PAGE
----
New Study Shows Bias in Faith-Related Journalism

A new study reveals that 63% of faith-related media has a negative bias and that less than 20% of journalists understand the beliefs and practices of religions beyond those in which they were raised.

The exhaustive global study, conducted by Davis & Partners and commissioned by the Radiance Foundation, involved 31 million documents resulting in 100 pages of research.

Photo by A. Aleksandravicius/

Davis & Partners founder and CEO Jim Davis summarized the findings in a presentation at the annual Religious Freedom & Business Foundation’s faith@work conference. Davis commented, “Faith is going through its own climate crisis: the deforestation of faith,” and continued that any authentic depictions of the positive aspects of faith have been replaced by demonization and sensationalism—stereotyping faith, people of faith and communities of faith.

We need to bring faith leaders and media together to promote mutual understanding.

The study focused on the sentiments of clergy, journalists and consumers representing a cross-section of ethnicities and backgrounds with a view toward obtaining a deeper understanding of religion’s presence and depiction in mainstream media. Results show that social media carries 78% of faith-related news and comment, compared to 16% from blogs and 6% from news organizations. 

The low percentage of religious items coming from news organizations corresponds to the low percentage of religious literacy among journalists. One would be reluctant to write about a subject about which one knows nothing. Davis identified this low religious literacy among journalists as contributing to the news media’s inclination to associate faith-related stories with “subjects that invite a lot of clicks,” such as LGBTQ issues, sex, the treatment of women and race.

Religious books
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As an example of low religious literacy feeding into and encouraging a negative bias in journalists, a recent item in the Washington Post included falsehoods and hate speech about the religion of Scientology. Even when editors were provided with factual evidence and data, they yet took no action and let the article, with its fabrications, stand.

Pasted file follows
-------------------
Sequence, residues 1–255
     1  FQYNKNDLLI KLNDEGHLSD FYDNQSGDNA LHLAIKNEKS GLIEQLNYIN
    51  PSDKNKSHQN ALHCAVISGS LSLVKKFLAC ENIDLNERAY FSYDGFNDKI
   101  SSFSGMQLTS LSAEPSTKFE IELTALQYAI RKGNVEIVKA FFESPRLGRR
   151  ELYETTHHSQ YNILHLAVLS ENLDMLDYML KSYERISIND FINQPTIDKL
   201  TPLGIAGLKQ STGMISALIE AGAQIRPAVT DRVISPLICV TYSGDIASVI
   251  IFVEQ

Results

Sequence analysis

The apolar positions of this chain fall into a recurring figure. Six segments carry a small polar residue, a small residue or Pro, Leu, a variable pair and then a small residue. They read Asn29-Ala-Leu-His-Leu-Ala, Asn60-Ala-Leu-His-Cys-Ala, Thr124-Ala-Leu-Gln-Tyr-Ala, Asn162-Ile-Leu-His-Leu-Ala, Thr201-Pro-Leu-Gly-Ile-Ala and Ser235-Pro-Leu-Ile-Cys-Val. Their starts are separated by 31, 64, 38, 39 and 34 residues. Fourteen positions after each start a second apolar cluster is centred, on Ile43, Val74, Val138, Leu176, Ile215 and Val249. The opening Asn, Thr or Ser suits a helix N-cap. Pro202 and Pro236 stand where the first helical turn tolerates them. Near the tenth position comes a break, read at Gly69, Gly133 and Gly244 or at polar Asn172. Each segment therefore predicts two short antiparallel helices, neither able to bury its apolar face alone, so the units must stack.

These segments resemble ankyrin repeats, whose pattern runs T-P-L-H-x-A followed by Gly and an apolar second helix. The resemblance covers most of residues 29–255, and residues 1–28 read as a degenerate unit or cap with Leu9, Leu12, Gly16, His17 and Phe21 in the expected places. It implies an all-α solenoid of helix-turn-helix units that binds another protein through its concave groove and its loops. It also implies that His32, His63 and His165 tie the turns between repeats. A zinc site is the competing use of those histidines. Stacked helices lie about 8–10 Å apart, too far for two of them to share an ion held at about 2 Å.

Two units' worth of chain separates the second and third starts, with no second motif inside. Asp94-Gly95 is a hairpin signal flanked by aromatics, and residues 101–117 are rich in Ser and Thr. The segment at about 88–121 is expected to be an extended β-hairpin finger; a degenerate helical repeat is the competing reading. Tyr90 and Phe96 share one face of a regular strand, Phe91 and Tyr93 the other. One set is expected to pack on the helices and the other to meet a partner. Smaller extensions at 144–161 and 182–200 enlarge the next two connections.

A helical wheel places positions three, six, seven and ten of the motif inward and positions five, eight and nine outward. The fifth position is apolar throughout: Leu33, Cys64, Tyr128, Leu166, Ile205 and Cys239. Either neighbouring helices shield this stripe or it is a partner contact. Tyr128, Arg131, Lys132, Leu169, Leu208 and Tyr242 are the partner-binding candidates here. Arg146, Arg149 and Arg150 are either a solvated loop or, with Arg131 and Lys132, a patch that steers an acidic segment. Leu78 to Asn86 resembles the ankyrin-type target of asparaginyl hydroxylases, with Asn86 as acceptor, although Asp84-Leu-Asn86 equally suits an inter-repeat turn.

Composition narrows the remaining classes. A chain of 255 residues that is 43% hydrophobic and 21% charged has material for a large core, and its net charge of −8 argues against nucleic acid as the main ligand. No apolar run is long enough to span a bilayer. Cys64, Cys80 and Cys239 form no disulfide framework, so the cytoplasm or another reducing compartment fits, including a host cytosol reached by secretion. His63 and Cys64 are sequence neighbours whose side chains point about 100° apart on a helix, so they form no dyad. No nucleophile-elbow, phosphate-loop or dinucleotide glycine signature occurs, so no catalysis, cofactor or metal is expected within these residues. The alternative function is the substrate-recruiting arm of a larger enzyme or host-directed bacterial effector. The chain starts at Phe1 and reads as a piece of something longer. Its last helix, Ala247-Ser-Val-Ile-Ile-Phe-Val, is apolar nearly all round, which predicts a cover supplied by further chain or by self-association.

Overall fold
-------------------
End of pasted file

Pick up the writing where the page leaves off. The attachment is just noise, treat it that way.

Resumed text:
Contributing to what Davis called “the downward spiral of trust” is the fact that faith leaders often lack understanding of the tradecraft of journalism, which then results in a reluctance on their part to interact with the press.

Over 35 million Americans would welcome more faith-related content.

Echoing the Davis & Partners survey, the Edelman Trust Barometer for 2022 likewise charts a growing mistrust of the press as a global phenomenon with almost seven in ten of those surveyed—an all-time high—expressing worry that journalists and reporters purposely try to mislead people by saying things they know are false or grossly exaggerated.

Man praying
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The Davis & Partners survey also revealed that news media may be missing out on religion as a subject worthy of more focus, as over 35 million Americans would welcome more faith-related content.

All told, Mr. Davis said that the “reforestation” of faith must take place. “We need to bring faith leaders and media together to promote mutual understanding and better collaboration for a more thoughtful, balanced depiction of faith and its role in society.”